Climate-related adverse weather and macroeconomic conditions kept demand high for weather risk transfer products, this year's Environmental Finance Market Rankings winners tell Annabelle Palmer
While an increase in natural disaster events over the previous decades has spurred interest in hedging against weather risk, the greater demand for weather derivatives was this year heightened by macroeconomic factors, principally inflation, say market participants.
David Whitehead, co-CEO of Speedwell Climate, says the climate risk industry, "is busier than it's ever been".
The firm – which has won the award for Best advisory/data service – Global for the seventh year in a row – rebranded from Speedwell Weather to Speedwell Climate in June.
"This is in light of the fact that the industry has gone beyond just talking about weather, and new climate variables being included in coverage," he told Environmental Finance.
"Coverage used to include temperature and precipitation hedging. Now it's those things plus river height, sea-level temperatures, carbon dioxide concentrations, hurricanes, and renewable power generation.
"Furthermore, if you look at the energy crisis right now – especially across Europe – coupled with the transition to renewable power, there are unique opportunities emerging in the climate risk market."
An increased awareness of severe weather linked to climate change, including stronger hurricanes and more intense droughts, has supported the trend for a wider range of sectors to seek weather risk products, he says.
Aside from the ever-increasing growth in demand from the renewables sector, Whitehead sees more demand emerging from the agriculture, tourism, and construction sectors – particularly in the US, Europe and Australia.
In emerging markets, Whitehead says one interesting area of demand is coming from supranationals - such as the World Bank - humanitarian groups and not-for-profits that are investigating the application of parametric solutions in those regions which are particularly exposed to natural disasters
"Parametric solutions are the hot topic right now," he says.
Typical buyers of parametric insurance – whereby a pre-arranged amount is paid in the event of a trigger event – tend to include investors, lenders, developers, and operators of renewable energy plants, the agricultural sector, and governments who are developing disaster risk financing schemes.
However, as more people learn about the application of parametric solutions, Whitehead says he is seeing a trend towards "more mission-specific indices".
In Asia, WTW has seen an increase in parametric insurance demand in 2022 compared with 2021, says Richard Zhang, head of alternative risk transfer solutions for Asia at WTW. The firm won Best broker – Asia for the second year in a row.
"The majority of these [solutions] were for the agriculture and aquaculture industry, with the rest covering natural catastrophe risks and renewable energy projects in the region," he says.
Zhang has also observed a strong interest in the application of parametric insurance capacity in cases where traditional insurance capacity is tight or unavailable due to the risk profile of an event.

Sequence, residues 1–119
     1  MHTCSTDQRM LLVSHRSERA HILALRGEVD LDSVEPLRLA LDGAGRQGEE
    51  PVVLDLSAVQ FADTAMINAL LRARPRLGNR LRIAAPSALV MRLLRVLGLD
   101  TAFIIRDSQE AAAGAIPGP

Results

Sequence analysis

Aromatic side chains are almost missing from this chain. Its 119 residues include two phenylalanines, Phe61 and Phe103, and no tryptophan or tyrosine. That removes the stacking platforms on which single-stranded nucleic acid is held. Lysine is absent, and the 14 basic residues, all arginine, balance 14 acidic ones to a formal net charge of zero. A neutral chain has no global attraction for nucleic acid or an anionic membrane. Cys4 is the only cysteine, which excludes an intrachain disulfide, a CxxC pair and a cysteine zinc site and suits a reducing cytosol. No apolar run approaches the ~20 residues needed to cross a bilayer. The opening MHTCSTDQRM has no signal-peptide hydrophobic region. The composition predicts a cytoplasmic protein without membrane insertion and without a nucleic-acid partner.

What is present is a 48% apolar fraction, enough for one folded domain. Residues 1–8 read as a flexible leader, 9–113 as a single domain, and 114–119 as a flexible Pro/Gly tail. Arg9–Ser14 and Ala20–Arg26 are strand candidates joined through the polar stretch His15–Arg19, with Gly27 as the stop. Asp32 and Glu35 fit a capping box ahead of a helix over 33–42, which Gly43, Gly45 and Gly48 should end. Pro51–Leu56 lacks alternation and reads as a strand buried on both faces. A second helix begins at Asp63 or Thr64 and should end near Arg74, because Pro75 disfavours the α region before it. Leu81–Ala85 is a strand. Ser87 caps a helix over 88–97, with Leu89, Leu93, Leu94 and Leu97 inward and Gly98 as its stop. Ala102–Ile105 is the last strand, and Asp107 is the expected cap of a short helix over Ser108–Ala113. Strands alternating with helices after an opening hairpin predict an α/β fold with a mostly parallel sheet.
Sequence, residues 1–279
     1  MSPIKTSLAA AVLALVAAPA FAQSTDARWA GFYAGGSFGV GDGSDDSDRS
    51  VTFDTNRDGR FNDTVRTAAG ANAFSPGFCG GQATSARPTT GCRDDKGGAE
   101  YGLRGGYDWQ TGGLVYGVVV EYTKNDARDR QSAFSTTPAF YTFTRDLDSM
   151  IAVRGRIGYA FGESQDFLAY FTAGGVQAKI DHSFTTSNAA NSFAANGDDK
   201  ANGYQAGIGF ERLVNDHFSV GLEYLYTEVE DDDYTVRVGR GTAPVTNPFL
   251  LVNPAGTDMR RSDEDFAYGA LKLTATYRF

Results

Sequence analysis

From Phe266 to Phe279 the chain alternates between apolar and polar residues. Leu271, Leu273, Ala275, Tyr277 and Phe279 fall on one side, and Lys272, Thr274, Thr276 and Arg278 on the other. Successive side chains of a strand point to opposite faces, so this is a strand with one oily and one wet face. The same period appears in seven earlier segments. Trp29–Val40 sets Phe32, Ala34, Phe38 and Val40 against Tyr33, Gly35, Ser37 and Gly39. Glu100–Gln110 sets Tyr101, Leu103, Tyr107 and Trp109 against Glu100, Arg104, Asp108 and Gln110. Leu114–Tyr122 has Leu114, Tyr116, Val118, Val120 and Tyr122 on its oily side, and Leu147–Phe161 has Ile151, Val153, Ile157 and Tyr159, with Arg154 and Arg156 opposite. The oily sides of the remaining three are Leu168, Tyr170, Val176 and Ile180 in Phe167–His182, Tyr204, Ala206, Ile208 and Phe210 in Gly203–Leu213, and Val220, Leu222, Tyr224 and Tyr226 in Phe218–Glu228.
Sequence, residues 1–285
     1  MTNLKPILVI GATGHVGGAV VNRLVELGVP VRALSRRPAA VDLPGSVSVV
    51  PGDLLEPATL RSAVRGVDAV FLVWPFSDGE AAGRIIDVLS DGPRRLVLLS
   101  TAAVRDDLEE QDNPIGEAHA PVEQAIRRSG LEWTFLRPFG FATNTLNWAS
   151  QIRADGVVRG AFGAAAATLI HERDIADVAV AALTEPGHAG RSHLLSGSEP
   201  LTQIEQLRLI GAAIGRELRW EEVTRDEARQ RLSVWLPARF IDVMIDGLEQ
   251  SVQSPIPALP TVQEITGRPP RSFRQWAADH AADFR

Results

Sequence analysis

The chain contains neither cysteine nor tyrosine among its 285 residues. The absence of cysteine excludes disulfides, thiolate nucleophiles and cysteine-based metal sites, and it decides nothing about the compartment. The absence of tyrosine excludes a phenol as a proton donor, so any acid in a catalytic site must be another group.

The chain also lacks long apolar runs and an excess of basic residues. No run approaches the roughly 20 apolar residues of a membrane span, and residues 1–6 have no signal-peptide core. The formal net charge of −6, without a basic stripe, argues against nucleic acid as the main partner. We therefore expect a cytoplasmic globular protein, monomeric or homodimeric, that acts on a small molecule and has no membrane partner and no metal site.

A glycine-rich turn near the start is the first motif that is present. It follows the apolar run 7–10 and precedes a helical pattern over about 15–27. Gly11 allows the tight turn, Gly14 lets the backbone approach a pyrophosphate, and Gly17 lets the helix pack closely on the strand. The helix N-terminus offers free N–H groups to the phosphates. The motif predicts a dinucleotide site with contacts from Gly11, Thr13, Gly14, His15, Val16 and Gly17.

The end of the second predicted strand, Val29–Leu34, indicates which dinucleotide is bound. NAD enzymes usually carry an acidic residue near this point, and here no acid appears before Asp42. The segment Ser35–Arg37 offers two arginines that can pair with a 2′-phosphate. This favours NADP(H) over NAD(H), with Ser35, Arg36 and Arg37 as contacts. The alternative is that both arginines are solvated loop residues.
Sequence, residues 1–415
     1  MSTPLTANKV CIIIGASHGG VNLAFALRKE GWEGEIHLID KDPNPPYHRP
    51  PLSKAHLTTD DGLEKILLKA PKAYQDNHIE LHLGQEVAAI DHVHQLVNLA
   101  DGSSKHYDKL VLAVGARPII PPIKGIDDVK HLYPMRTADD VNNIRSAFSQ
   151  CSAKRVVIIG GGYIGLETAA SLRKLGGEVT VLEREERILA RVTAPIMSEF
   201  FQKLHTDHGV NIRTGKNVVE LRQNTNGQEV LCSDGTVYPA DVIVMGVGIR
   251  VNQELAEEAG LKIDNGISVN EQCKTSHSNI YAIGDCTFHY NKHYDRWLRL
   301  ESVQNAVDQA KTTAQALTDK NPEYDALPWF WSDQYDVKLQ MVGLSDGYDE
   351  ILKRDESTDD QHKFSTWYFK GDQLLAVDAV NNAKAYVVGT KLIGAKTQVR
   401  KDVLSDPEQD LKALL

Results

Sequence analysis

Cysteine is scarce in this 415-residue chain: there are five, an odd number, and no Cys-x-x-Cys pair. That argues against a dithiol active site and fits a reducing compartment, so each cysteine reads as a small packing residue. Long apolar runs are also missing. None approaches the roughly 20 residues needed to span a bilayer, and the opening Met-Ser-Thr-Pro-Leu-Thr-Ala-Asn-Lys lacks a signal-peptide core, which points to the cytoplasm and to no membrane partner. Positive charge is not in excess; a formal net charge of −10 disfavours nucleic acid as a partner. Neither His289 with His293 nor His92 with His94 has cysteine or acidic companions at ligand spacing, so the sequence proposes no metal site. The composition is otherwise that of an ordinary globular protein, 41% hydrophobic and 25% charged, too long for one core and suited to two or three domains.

In terms of geographies, Zhang sees the strongest demand for weather-risk products in Australia, New Zealand, China, Thailand, Japan, Taiwan and the Philippines.
"This is mainly reflective of the natural disasters and severe weather risk patterns in those territories," he says.
In the US, Paul Schultz, chairman and CEO of Aon Securities, which won Best dealer/structured product seller – North America, says that the macroeconomic events of the last 12 months have had broader implications for risk transfer capital.
"Inflation created growth in underlying insured exposures, creating a larger demand for risk transfer capital," he says.
This pressure was felt globally as interest rate raises in several economies directly impacted the cost of capital.
As the year unfolded, adverse weather events, such as Hurricane Ian in the US, further amplified demand for weather risk protection, he says.
In Australia, Ian Tannebring, partner at CQ Energy, says the "demand for hedging remains consistent with previous years, albeit in a difficult energy market due to elevated power and gas prices and market volatility".
As with other regions, the trend has driven up the cost of hedging products for weather risk in Australia.
Tannebring says the energy sector continues to see the greatest demand, followed by agriculture.
"There is also growing interest from those in the water sector who are looking to manage contractual obligations or exposures," adds Patrick Bourke, a broker at Risk Solutions International.
CQ Energy, in partnership with Risk Solutions International, delivers weather risk management solutions. The duo won Best broker – Australia this year.
Bourke expects demand for "a range of products to manage price volatility in the energy markets to continue, with products to manage the intermittency of wind and solar continuing to develop".
Looking ahead, market participants expect the growth in environmental, social and governance (ESG) investment mandates to shape the market.
While ESG-related regulation is largely being led by European regulation, ESG trends are being felt in insurance-linked securities (ILS) markets globally, says Schultz at Aon.
"Because we are early in the journey, we are lacking consensus on some of the key issues, such as ESG scorecards. But it is clear that we will continue to invest in ESG frameworks, and it will be an important consideration for both issuers and investors going forward."
Zhang expects to see new weather risk solutions develop as the availability of risk data improves, both for standard parametric offerings, as well as for new solutions that could cover pandemics and volatility in commodity prices.
As Schultz at Aon says: "We like to say that we are only bound by our ability to innovate."